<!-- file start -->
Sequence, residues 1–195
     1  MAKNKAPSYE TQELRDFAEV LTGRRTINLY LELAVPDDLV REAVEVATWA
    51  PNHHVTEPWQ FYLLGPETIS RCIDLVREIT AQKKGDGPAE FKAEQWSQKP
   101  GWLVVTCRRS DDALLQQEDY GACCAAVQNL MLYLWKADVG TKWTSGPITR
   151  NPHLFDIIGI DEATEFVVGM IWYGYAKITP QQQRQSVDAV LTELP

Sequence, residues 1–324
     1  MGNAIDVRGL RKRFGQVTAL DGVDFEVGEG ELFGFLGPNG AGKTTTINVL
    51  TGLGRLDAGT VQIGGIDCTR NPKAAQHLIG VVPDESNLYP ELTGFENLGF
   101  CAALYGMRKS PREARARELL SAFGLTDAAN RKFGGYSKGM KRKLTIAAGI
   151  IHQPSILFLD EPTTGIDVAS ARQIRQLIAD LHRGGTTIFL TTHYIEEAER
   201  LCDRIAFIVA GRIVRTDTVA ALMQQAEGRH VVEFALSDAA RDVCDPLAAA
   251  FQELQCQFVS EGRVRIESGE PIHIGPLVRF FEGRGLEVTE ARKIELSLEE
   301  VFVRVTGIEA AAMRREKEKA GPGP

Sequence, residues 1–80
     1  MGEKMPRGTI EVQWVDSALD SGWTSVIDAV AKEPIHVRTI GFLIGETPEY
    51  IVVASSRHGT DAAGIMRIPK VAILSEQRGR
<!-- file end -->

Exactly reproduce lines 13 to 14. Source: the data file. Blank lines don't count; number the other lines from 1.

   301  VFVRVTGIEA AAMRREKEKA GPGP

Sequence, residues 1–80